By using a TPMS Relearning Programming tool, not an everyday DIY tool. You locate the correct sensor ID that is on the effected wheel(s) , then enter the pressure required for that wheel(s) ID number. Some better TPM systems have capability for adding additional wheel ID's that would allow programming different sets of sensors/wheels for a vehicle, Kia does not offer this option.

As far as a sensor in the " Little Spare" not sure how to find out. Could let out the air and look for dash light, but most sensors have to be spinning to go into transmitting mode. Any tire shop can put the TPMS tool next to the valve and see if it will transmit an ID to the tool. Documentation stinks, I have no idea if my Little Spare has TPMS, don't really have an interest as I verify the 60 lbs every now and then when lowering and testing the linkage is OK. .
 

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2020 Sorento SX, 3.3L AWD
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but most sensors have to be spinning to go into transmitting mode.
This is why I question the spare being sensed. I've never seen the TPS on any car work while the car is stationary, it's not until you are driving that the sensing happens. So, how could a spare being stationary in it's cavity be sensed? I know the TPS on my 2020 Sorento even tells you to start driving to see the TPS status display.
 

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Sorento SX FWD 2015
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To clarify, a TPS (Sensor) has different modes to save battery power. At rest it can be sensed by tools and the TPSM module. It will wake it up to communicate and allow programming correct pressure. However it is NOT in Transmitting mode. When the sensor starts spinning it will shift into Transmitting mode and send periodic status update (once a min) to the Module. If this communication breaks off a TPMS error is recorded, DTC code is generated and dash indicator blinks or something like that. If tire pressure varies x% off of the setting at transmit time that condition will indicate a pressure warning on the dash, no DTC.

We are getting way to deep..and drifting away from the OP's new sensors not being recognized by the module. To me sounds like the TPS Module could not learn the ID's of the new sensors, maybe they were the wrong frequency or incapable. OR maybe the old sensors were still in the vehicle and confused the TPMS system. (see trivia info, confidence reduction at bottom). Assuming OP drove over 15 MPH for 10 mins ignition cycle.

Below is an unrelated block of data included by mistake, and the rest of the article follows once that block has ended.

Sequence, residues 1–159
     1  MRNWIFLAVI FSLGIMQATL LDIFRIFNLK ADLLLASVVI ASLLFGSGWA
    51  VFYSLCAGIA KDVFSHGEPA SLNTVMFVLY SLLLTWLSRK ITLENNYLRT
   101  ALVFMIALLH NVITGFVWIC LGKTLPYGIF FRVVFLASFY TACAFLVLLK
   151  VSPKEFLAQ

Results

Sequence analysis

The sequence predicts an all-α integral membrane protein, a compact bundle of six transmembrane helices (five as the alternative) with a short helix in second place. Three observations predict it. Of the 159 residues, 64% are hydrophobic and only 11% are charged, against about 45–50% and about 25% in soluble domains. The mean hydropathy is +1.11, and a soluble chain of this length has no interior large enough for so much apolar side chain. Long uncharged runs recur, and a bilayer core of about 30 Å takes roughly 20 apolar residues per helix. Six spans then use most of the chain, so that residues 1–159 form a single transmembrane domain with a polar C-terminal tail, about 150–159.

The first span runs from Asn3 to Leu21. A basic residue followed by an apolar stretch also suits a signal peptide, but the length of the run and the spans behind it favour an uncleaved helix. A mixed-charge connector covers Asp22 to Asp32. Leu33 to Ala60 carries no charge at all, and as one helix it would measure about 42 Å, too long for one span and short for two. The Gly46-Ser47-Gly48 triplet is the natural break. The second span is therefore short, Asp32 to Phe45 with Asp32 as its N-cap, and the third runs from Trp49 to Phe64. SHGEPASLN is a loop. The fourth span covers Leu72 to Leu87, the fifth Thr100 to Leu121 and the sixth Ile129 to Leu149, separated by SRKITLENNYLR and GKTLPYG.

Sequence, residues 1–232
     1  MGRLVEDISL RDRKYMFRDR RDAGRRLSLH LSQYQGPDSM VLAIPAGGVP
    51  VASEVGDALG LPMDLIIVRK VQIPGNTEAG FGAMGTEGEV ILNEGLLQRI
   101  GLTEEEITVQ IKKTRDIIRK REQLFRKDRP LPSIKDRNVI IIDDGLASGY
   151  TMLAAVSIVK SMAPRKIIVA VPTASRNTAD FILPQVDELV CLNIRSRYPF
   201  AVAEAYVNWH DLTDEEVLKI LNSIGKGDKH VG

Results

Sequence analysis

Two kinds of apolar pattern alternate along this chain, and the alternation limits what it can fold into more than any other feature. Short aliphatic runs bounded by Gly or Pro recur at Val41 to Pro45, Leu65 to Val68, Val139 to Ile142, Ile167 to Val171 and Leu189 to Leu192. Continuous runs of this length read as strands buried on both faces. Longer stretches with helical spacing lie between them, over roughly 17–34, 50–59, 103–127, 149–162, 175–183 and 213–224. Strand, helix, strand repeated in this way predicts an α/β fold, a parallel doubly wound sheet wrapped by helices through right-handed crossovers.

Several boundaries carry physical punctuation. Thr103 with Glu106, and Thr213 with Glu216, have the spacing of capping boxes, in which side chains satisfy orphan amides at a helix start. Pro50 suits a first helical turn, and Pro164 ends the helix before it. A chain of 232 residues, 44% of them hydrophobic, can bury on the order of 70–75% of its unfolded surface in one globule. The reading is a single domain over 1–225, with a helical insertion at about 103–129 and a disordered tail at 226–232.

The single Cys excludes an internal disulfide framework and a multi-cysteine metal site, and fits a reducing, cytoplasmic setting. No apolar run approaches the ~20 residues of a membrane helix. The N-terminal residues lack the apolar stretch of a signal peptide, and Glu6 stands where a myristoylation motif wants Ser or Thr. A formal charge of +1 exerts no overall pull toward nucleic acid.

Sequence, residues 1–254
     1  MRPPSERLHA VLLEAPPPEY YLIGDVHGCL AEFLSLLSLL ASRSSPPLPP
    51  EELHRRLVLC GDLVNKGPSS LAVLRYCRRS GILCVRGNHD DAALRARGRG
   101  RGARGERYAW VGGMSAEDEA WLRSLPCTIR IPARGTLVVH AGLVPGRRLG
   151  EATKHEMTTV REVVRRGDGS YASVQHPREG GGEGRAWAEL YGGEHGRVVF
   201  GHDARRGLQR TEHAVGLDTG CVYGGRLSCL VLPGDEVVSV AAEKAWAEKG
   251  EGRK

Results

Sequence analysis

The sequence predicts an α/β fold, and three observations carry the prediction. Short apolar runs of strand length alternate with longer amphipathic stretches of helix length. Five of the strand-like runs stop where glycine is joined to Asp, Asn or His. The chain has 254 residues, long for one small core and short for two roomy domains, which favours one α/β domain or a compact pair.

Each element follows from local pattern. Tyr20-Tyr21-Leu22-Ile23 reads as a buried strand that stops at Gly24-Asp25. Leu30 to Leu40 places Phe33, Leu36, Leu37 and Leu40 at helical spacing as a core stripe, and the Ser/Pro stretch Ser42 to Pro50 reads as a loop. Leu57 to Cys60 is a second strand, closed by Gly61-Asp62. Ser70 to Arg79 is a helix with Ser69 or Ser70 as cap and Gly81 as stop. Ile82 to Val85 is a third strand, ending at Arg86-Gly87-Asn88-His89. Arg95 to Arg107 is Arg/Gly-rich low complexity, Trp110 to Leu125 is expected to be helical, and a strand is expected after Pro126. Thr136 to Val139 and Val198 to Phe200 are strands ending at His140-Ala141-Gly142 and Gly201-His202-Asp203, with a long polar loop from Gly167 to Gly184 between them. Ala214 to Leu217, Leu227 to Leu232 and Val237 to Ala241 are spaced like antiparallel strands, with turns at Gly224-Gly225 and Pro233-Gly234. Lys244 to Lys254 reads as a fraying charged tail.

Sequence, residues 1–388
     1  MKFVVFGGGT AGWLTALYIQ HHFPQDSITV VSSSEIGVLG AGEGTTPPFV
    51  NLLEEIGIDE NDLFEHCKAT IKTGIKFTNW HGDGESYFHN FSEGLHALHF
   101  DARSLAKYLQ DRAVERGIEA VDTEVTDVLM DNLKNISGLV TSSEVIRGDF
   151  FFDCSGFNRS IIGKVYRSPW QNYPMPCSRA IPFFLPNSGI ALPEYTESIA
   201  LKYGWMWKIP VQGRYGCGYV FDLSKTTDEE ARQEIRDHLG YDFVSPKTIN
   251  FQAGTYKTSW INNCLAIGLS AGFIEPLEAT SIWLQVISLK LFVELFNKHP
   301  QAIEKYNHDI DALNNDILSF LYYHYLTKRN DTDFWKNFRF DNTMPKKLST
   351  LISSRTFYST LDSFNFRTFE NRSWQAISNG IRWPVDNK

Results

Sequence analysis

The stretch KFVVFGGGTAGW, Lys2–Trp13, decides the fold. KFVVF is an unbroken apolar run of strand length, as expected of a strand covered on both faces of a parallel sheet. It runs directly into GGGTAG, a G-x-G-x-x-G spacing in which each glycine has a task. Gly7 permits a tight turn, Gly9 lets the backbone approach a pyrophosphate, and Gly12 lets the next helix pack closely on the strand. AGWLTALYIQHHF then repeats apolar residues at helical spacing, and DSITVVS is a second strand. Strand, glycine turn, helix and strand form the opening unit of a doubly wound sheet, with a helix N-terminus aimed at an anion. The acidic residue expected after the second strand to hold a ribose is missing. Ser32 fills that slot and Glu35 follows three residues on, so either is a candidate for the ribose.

My fix would be.. Try a complete power off of TPMS (fuse) and then a +10 min drive cycle and see what happens. If not fixed then a TPMS tool to read the ID's for each tire, then the Kia GDS tool to write the 4 ID's into the TPSM module. Why the TPS module did not learn the new sensors, as it should have if frequency was correct. And then why it did not learn the original sensor ID's when they were put back in automatically is an unknown. The Sorento TPMS system has the ability to verify the current sensors ID's, or learn the new sensor ID's at each ignition cycle.

Some trivia info
General Function at all startups verifying current sensors
• Auto learn takes place only once per Ignition cycle.
• On successful completion.
• Until Auto-learn completes, previously learned sensors (together with their respective locations) are monitored for under inflation / leak
warnings.
• Spare tire inflation / DTC state is not displayed

General Conditions to Learn New Sensors:
• Auto learning only functions when speed is more than 25 kph (approx. 15 mph).
• Receiver must determine that it is confident that sensor is not temporary:
a. Uses vehicle speed.
b. Uses confidence reduction of previously learned sensors.
• Typical time at driving over 25 kph to learn a new sensor is up to 10 minutes
 

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2020 Sorento SX, 3.3L AWD
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Thanks for that, explains a lot about the TPS system. :)

What I've never understood about the TPS sensors is why they're not self-powered. It would seem they had a golden opportunity to self power them from the rotation of the tires and eliminate any issues with battery life.
 

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Sorento SX FWD 2015
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I'm thinking piezoelectric plate plus a power storage device (capacitor), but would run out of power without motion for an extended period. So TPMS would be technically off line till wheels started spinning. A rechargeable battery in lieu of capacitor would also wear out after X recharges, so you'd be in the same situation. This post is literally now 100% off topic... May have to move it to the ' Tin Foil Hat' section...
 
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Sorento SX AWD 2015
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The existing system works and I see vehicle more than 10 years old without problems which have it. Some oem/models have trouble with tire shop units working when installed but thats likely a parts or spec issue with them.

I'll be looking for new winter tires for my New to Me 2019 Sorento and hopefully be trouble free. I am sure the ECU is designed to support at least two sets of wheels.
 

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2020 Sorento SX, 3.3L AWD
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Both the 2013 Kia Soul that my daughter has and the 2013 Nissan Rogue that my wife drives have reached the end of the useful life of the TPS sensors, they're both intermittently triggering errors when there's no issue with the tire pressures. Neither of those has individual display of pressure, so I don't know which sensor is dying, but if one is dying, the others can't be far behind.